Tai Chi can also help you to avoid the tendency to get attached to what they think is an advantageous position. Often a student will get to a position where they are so convinced of their superior position that they abandon sensitivity and commit to what they think is a sure thing. As soon as they do that, the opponent has a chance to change shape without being detected.

Tai Chi push hands skill is recognized by advanced martial artists of many other styles, because it teaches what Takuan called "cutting the line between before and after."


Part 3 (Addendum)




When you can stay on the opponent's centre without letting them engage your centre effectively, they will be confused and unable to effectively manipulate your centre. This is a skill which transcends both speed and timing.

It is not about what you do. It is about how you are.

There is much talk about a straight line being the most direct path between two points. But physics tells us that a curved line can be a faster path than the most direct one.

However, there is nothing faster than already being there. That is the secret of tai chi.

- Ian Sinclair



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Tai Chi Tuishou (Pushing Hands) Lesson 9 (The Original Series)




Tai Chi Tuishou (Pushing Hands)

Lesson 9 - Outer elbow spiral and rolling method







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Tai Chi Tuishou (Pushing Hands) Lesson 8 (The Original Series)




Tai Chi Tuishou (Pushing Hands) Lesson 8

- Basic neutralization practice





Neutralizing the opponent's force without using force requires the ability to sense the opponent's intent before the have applied it, but after they have committed to it. This is where we get the tai chi proverb, "If my opponent doesn't move, I don't move. If my opponent moves, I move first."

In this exercise, we learn to use our structure and intent to neutralize the opponent's attack before the attack has moved.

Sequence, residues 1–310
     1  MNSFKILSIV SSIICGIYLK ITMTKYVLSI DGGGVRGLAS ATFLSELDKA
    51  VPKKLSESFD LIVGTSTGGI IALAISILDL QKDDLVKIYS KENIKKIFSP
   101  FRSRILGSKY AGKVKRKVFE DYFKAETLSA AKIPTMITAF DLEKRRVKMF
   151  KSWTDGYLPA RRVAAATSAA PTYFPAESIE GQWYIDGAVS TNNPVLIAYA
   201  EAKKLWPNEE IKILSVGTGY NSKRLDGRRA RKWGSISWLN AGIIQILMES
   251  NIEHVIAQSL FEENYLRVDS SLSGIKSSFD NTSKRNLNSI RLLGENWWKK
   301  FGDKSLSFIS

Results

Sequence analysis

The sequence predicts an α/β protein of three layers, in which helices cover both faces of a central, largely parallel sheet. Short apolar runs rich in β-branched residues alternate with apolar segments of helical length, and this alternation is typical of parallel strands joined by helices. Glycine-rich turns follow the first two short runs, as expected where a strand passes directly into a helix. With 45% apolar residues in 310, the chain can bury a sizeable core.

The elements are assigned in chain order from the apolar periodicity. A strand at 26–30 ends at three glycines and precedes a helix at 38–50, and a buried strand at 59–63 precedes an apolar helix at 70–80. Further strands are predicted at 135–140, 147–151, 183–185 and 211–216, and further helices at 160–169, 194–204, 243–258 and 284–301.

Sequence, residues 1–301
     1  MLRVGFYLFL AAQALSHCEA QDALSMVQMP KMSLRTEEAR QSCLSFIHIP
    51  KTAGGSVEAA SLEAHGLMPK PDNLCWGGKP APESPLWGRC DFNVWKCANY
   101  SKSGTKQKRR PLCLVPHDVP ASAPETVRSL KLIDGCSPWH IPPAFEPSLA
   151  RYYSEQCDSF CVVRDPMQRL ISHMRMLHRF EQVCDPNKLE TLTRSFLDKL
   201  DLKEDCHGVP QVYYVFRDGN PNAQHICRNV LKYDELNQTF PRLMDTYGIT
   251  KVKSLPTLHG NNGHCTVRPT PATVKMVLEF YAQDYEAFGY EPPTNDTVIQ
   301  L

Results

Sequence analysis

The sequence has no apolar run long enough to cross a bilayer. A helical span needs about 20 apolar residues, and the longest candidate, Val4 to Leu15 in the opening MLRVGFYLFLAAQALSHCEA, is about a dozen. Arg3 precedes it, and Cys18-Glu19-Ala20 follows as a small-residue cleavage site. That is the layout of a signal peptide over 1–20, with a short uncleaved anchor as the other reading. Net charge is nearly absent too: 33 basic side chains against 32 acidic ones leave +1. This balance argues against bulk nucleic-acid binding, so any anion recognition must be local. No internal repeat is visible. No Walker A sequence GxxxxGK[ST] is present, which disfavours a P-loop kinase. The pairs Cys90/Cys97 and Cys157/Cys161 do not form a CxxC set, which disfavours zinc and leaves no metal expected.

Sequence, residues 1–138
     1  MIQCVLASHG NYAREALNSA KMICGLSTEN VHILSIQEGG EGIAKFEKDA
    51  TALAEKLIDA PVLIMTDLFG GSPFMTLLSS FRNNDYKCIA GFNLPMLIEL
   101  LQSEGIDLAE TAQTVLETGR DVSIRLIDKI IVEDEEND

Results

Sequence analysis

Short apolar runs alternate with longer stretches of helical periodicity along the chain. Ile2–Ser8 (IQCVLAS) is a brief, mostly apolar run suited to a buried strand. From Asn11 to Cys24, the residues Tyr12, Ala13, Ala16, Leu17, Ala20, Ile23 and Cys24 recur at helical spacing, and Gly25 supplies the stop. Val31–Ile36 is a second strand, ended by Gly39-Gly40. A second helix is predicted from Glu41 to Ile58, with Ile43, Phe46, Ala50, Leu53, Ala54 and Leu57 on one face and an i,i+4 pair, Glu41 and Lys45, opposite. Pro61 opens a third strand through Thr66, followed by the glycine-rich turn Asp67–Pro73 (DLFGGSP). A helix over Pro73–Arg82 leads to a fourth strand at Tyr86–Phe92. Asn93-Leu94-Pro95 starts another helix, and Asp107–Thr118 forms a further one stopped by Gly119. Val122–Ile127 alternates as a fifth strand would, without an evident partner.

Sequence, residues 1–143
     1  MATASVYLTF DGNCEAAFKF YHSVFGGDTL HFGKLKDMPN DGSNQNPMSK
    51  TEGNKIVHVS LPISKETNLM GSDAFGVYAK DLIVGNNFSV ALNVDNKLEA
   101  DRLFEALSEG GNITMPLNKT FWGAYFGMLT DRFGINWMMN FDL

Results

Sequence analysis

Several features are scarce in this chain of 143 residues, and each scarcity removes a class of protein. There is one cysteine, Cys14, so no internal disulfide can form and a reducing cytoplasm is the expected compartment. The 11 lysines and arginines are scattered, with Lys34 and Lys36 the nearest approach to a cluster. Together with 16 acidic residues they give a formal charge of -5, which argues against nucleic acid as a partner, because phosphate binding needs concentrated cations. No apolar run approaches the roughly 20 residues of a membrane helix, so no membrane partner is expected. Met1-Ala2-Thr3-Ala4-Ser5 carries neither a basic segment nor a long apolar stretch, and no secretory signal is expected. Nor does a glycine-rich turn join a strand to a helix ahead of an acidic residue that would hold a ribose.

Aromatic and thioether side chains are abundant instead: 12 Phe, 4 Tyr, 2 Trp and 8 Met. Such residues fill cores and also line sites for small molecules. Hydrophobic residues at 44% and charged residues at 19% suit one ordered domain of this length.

It important that this exercise is done cooperatively and safely, but with real intent and honest energy.
Don't try to win. This is not a competition. It is an exercise. You will never win an exercise.
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Tai Chi Tuishou (Pushing Hands) Lesson 7 (The Original Series)




Tai Chi Tuishou (Pushing Hands)

Lesson 7

- Four Hands (Continued)


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Tai Chi Tuishou (Pushing Hands) Lesson 6 (The Original Series)




Tai Chi Tuishou (Pushing Hands)

Lesson 6

- Four Hands




This is the bread and butter of tai chi training.
In a perfect world, you would be able to defend yourself against all attackers, and in your daily life get through every challenge, by using only the four perfect energies of Peng, Lu, Ji, and An.

These four energies don't always work, however, because things happen. Sometimes the opponent is lucky, and sometimes the opponent is just better at this stuff. (When Peng Lu, Ji and An fail, then we have to fall back on secondary techniques like Zai, Lieh, Zhou, and Kao. But we will talk about them later.)

Four hands deals with just about every hand technique you can imagine, including punches, pushes, grabs, joint locks, pressure points, etc. And the energies apply equally to techniques of all kinds, including kicks, sweeps, and even ground techniques.

It is hard for beginners to understand the importance and universal application of this exercise. But that is why it is an advanced art. Only advanced martial artists will really understand what the practice is all about.
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Tai Chi Tuishou (Pushing Hands) Lesson 12 (The Original Series)




Tai Chi Tuishou (Pushing Hands) Lesson 12

- Tai Chi vs Muscle Testing (Applied Kinesiology)


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Tai Chi Tuishou (Pushing Hands) Lesson 11 (The Original Series)




Tai Chi Tuishou (Pushing Hands) Lesson 11

- Forearm circling in vertical rotation method


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Tai Chi Tuishou (Pushing Hands) Lesson 10 (The Original Series)




Tai Chi Tuishou (Pushing Hands) Lesson 10

- Inner elbow spiral and rolling method